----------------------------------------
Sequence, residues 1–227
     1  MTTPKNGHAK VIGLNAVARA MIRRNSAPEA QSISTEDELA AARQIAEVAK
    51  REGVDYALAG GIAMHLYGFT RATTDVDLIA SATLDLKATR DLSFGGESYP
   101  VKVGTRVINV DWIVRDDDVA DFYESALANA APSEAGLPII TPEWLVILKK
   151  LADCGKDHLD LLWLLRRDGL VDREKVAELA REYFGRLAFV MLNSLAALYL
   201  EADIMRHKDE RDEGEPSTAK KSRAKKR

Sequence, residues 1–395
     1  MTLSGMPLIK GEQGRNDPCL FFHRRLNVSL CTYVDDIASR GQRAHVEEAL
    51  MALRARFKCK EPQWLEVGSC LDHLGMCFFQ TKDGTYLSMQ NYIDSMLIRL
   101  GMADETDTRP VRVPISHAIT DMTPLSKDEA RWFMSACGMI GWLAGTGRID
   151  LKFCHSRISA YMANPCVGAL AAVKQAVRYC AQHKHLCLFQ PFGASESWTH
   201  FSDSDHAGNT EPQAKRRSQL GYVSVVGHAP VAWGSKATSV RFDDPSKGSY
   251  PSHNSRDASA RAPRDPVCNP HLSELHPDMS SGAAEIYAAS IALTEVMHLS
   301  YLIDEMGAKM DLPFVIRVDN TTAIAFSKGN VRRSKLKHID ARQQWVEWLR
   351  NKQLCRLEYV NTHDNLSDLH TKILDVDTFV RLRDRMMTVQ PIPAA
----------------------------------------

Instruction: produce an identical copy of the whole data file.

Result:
Sequence, residues 1–227
     1  MTTPKNGHAK VIGLNAVARA MIRRNSAPEA QSISTEDELA AARQIAEVAK
    51  REGVDYALAG GIAMHLYGFT RATTDVDLIA SATLDLKATR DLSFGGESYP
   101  VKVGTRVINV DWIVRDDDVA DFYESALANA APSEAGLPII TPEWLVILKK
   151  LADCGKDHLD LLWLLRRDGL VDREKVAELA REYFGRLAFV MLNSLAALYL
   201  EADIMRHKDE RDEGEPSTAK KSRAKKR

Sequence, residues 1–395
     1  MTLSGMPLIK GEQGRNDPCL FFHRRLNVSL CTYVDDIASR GQRAHVEEAL
    51  MALRARFKCK EPQWLEVGSC LDHLGMCFFQ TKDGTYLSMQ NYIDSMLIRL
   101  GMADETDTRP VRVPISHAIT DMTPLSKDEA RWFMSACGMI GWLAGTGRID
   151  LKFCHSRISA YMANPCVGAL AAVKQAVRYC AQHKHLCLFQ PFGASESWTH
   201  FSDSDHAGNT EPQAKRRSQL GYVSVVGHAP VAWGSKATSV RFDDPSKGSY
   251  PSHNSRDASA RAPRDPVCNP HLSELHPDMS SGAAEIYAAS IALTEVMHLS
   301  YLIDEMGAKM DLPFVIRVDN TTAIAFSKGN VRRSKLKHID ARQQWVEWLR
   351  NKQLCRLEYV NTHDNLSDLH TKILDVDTFV RLRDRMMTVQ PIPAA